A Series of Unfortunate Reporting Services Events
A Series of Unfortunate Reporting Services Events
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Specifically, this post is about my difficulties with setting up SQL Server Reporting Services 2008 R2.
It had been about 4 years or so since I last touched a version of Reporting Services. In many of our projects, the reporting component is handled by someone else. However, in a recent project we had the task of setting up a system and writing the first report. (I’d like to talk about the stack for the project later. We used Silverlight 4, IdeaBlade’s DevForce and MVC2.)
Install Failing Before It Starts
We had a single box that was both our staging environment and our build server. So I decided to setup Reporting Services (RS) there.
My first problem was that setup.exe for the install media just failed. I’d briefly see a command prompt flash and then… nothing. Scouring the web offered little insight, except a vague reference saying that the install didn’t like newer versions of .NET. So I uninstalled .NET 4.0, but the problem persisted. I reinstalled .NET 4.0 via Windows Update and then (somehow) I got the install to run. I’m really not entirely sure what fixed it. I have the sensation of looking away for a moment, forgetting about it, and then realizing that “hey, the setup has started.” Go figure.
Code Access Security
After configuring the new install using the Reporting Services Configuration Manager, I attempted to access the Report Manager and I received a 500 error. At this point I began to chronicle my troubles.
To determine the cause, I had to examine the logs file. There were located here:
C:\Program Files\Microsoft SQL Server\MSRS10_50.MSSQLSERVER\Reporting Services\LogFiles
I found this entry:Exception caught loading and setting code permissions policy level: System.NotSupportedException: This method explicitly uses CAS policy, which has been obsoleted by the .NET Framework. In order to enable CAS policy for compatibility reasons, please use the NetFx40_LegacySecurityPolicy configuration switch. Please see http://go.microsoft.com/fwlink/?LinkID=155570 for more information.
Okay, well, that seemed clear enough. I had .NET 4.0 installed and so I need to use the legacy CAS. The NetFx40_LegacySecurityPolicy is set in a config file.
If you are new to RS like myself, then you might not know that there are three applications. Two web applications and a service. I realized that this error was raised when the service attempted to start. I did not need to access the Report Manager web app for the error to appear in the log. The service executable is located inside the folder for one of the web applications. (This was not immediately obvious to me.) Thus, the config file to edit is
I set modified the config and the above error no longer appeared when the service started.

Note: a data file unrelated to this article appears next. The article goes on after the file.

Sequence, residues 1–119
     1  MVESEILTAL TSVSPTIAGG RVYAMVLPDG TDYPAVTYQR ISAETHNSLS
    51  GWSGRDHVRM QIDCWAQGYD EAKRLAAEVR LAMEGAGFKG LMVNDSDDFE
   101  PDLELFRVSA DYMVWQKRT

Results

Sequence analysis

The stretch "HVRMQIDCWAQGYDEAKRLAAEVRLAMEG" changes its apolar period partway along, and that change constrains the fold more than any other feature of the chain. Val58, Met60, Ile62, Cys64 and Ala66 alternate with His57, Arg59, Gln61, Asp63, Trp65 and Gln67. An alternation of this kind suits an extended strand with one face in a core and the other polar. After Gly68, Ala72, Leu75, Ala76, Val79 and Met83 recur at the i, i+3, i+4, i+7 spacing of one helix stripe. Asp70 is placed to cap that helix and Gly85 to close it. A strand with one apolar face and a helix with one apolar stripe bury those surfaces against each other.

Another 500 Error
After resolving that, I was seeing a new error in the log after attempting to access either of the web applications:AppDomain ReportServer_11 failed to start. Error: The configuration system has already been initialized.
ERROR: Throwing Microsoft.ReportingServices.Diagnostics.Utilities.ReportServerHttpRuntimeInternalException: Failed to create HTTP Runtime, Microsoft.ReportingServices.Diagnostics.Utilities.ReportServerHttpRuntimeInternalException: An internal or system error occurred in the HTTP Runtime object for application domain ReportServer_11. ---> System.InvalidOperationException: The configuration system has already been initialized.
I fiddle with things for a bit, but I didn’t figure this one out. Instead, we spun up a fresh box to dedicated to RS and we were careful not to install anything else. (As in, no newer version of the .NET framework.)
After running the config utility on the fresh install, I was able to access the web services without any 500 errors.
Lesson: dedicate a box to Reporting Services and don’t put anything else on it.
Indefinite and Definite Articles
My troubles were not over. When I attempted to access the Reporting Manager url I was prompted to login. I used a custom account that I had created specifically for RS. This account was a local administrator and it was the same custom account that used in the config utility. However, I was denied accessed.The permissions granted to user 'mydomain\myAccount' are insufficient for performing this operation. (rsAccessDenied)
I was befuddled. The account had admin rights to everything, including the SQL Server where the RS database was located.
Well, it turns out that the only account that can access a fresh install of RS is the local administrator. This is stated in the documentation, but I read it as a local administrator. Notice the difference: “the” vs. “a”.
After successfully logging in with the local administrator, I was able to grant rights to my other account.
The rest, well the rest was a lot easier…
Published at DZone with permission of Christopher Bennage , DZone MVB. See the original article here.
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